One of the most important, yet least recognized and appreciated, giants in the early movement to save forests and protect open lands is Gifford Pinchot, “America’s First Forester.” Ironically, his family
made significant amounts of money clear-cutting forests, selling the timber, selling the land to farmers, and moving on. As the story goes, Gifford’s given mission at a young age was to repair the damage and
grow the forests. He became the first forester in the country, the first Chief of the Forest Service, and helped start the Yale School of Forestry and Environmental Studies. His friends noted his influence when they started CFPA. He really did do what he was told!

Gifford’s great-granddaughter, Dr. Leila Pinchot (Ph.D. Natural Resources, University of Tennessee), will introduce the film Seeking the Greatest Good: The Conservation Legacy of Gifford Pinchot and lead
a Q&A afterwards about one of the original philosophies driving the creation of the CFPA. The film establishes Pinchot’s vision of conservation to affect social justice as a force that shaped our nation. By exploring their efforts to find “environmentally sound, economically viable, and socially responsible” solutions to contemporary conservation challenges, Seeking the Greatest Good demonstrates how the Pinchot Institute for Conservation (http://www.pinchot.org) exemplifies Gifford Pinchot’s philosophy of “practical conservation.”

Meet at ALLBRITTON at 6:45 PM! Transportation is provided.

Date: Wednesday, November 20th
Time: 6:45pm–meet @ Allbritton, Talk @ 7pm
Place: CFPA Headquarters, 16 Meriden Road, Rockfall, CT (10-minute drive from Wesleyan)
Cost: FREE!

Tonight: Grateful Dead’s “Dark Star:” A Psychedelic Lecture by Dr. Graeme Boone


Mickey Capper ’13 reminded me to post about this. Here’s the blurb from the official Facebook page for this event:

Born and raised in San Francisco—the home of the Grateful Dead—Professor of Music Graeme M. Boone attended the University of California at Berkeley, the Universite de Paris, and Harvard University, where he taught before joining the faculty at Ohio State. Following an overview of the band’s early history and style, Dr. Boone’s talk includes the showing of a “mandala movie” which helps elucidate the Dead’s open-ended song “Dark Star,” conveying a holistic, organic analysis of the tune, and incorporating every salient element in the extended, psychedelically evocative improvisations of its first 150 recorded performances.

With lyrics by Robert Hunter and music by Jerry Garcia, “Dark Star” can cover a broad spectrum of moods and musical ideas—incorporating anything from R&B cover songs to outer-space apocalypse—but the attentive listener can also hear lines of force binding the jams together: structuring devices, strategies, and trajectories that direct each improvisation and also serve as fundamental guideposts. An animated movie with changing colors and annotations follows two specific performances of the song, recorded in London on 4/8/72 and 5/23/72 during the band’s European tour that spring (the original 16-track analog tapes of the entire Europe ’72 tour were remixed, mastered in HDCD format, and released by the band in 2011).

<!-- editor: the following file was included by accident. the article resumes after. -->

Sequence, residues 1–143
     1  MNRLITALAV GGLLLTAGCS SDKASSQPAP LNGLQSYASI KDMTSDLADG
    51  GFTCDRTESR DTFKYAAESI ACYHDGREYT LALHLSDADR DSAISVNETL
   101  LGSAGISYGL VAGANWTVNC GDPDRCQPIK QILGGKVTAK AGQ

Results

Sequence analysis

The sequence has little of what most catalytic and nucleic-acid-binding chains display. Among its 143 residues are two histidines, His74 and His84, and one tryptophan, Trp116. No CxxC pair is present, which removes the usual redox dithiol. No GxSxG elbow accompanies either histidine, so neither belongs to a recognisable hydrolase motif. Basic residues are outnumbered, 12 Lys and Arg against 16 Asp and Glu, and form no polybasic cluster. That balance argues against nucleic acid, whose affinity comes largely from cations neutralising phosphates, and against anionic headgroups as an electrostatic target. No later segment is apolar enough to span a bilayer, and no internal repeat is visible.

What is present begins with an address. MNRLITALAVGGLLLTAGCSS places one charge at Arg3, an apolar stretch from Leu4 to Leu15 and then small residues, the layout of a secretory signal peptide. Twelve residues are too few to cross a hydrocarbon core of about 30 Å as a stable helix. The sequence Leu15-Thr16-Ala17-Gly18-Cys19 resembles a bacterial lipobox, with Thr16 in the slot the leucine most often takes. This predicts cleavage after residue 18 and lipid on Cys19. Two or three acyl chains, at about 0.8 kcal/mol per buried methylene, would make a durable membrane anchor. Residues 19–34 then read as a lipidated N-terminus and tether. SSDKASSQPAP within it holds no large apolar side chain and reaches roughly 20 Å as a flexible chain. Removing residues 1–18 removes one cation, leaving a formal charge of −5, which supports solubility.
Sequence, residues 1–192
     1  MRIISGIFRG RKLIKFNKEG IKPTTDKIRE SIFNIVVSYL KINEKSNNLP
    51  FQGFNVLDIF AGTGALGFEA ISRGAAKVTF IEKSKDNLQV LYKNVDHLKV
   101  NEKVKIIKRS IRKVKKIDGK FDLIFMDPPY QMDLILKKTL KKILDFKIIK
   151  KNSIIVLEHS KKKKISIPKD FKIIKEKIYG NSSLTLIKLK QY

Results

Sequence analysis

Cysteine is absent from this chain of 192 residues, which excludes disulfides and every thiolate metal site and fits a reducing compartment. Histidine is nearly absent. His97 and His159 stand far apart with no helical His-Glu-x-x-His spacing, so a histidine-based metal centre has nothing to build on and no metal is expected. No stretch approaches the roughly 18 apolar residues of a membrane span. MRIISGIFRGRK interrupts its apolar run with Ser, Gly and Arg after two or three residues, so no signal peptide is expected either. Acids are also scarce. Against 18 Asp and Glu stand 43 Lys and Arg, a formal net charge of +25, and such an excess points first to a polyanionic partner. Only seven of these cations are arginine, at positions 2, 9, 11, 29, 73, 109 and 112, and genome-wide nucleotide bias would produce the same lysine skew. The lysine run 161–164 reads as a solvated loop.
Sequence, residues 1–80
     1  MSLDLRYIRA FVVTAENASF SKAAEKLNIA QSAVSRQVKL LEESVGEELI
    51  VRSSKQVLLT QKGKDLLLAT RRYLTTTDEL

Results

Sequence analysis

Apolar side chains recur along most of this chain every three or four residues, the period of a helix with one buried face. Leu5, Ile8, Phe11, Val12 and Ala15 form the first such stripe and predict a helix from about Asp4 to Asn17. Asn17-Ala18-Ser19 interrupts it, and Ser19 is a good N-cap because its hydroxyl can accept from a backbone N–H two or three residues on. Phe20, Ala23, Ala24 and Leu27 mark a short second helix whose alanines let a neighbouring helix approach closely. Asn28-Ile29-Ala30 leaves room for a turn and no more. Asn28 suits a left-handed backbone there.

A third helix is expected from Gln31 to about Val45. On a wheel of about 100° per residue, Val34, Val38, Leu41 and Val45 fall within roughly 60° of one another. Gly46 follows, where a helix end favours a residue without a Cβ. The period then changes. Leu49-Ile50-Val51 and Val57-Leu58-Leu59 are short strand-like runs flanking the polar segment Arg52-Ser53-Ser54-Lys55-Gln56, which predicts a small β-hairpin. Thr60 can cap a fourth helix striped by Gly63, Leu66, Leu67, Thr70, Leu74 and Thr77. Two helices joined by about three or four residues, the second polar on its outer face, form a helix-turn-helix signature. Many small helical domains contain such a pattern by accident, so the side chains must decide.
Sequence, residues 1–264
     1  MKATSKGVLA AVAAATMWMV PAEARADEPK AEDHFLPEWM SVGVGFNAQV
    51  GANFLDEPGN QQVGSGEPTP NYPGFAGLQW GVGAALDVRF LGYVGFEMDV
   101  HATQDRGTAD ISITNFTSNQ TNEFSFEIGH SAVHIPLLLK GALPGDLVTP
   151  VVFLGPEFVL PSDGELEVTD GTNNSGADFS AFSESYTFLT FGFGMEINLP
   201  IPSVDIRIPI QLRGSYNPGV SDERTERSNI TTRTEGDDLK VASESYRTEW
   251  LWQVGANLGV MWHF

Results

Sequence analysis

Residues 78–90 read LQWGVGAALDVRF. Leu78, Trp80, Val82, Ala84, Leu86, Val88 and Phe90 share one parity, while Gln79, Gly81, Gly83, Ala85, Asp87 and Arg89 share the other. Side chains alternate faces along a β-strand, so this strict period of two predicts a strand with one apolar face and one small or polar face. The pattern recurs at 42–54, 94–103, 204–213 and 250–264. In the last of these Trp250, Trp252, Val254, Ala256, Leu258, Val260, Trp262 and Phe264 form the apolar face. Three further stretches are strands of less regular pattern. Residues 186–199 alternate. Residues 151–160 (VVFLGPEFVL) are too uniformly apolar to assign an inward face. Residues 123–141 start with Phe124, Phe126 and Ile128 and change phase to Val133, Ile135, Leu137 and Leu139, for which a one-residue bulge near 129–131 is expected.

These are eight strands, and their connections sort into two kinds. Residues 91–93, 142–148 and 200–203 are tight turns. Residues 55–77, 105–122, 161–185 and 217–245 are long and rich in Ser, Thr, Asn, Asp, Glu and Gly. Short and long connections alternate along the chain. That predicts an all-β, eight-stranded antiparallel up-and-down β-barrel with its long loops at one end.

Leadership Luncheon with Elisa Cardona

On Thursday, The Artist Formerly Known as Elisa Del Valle will take the stand in Usdan 110. From Winston Soh ’14:

Come listen to Elisa Cardona, Director of Student Activities and Leadership Development, lead a session on “How Our Socialization and Experiences Shape Us As Leaders.”

Lunch from Thai Gardens will be provided.

Date: Thursday, April 4
Time: 12:00 p.m.
Place: Usdan 110
Cost: Free

Tasmiha Khan ’12 Presents “Beyond the Bubble: Social Ventures Post-Wesleyan”

From Kerry Nix ’15:

Join Brighter Dawns founder Tasmiha Khan ’12 for this fascinating look into post-grad service work and how to sustain a Wesleyan-based nonprofit after graduation. Khan is returning to Wesleyan after an eventful summer that included a trip to the White House to represent Brighter Dawns. Come for a great discussion – and a tasty lassi!

Strawberry lassi will be served!

Date: Tomorrow, November 15
Time: 4pm
Place: PAC 001
Cost: Free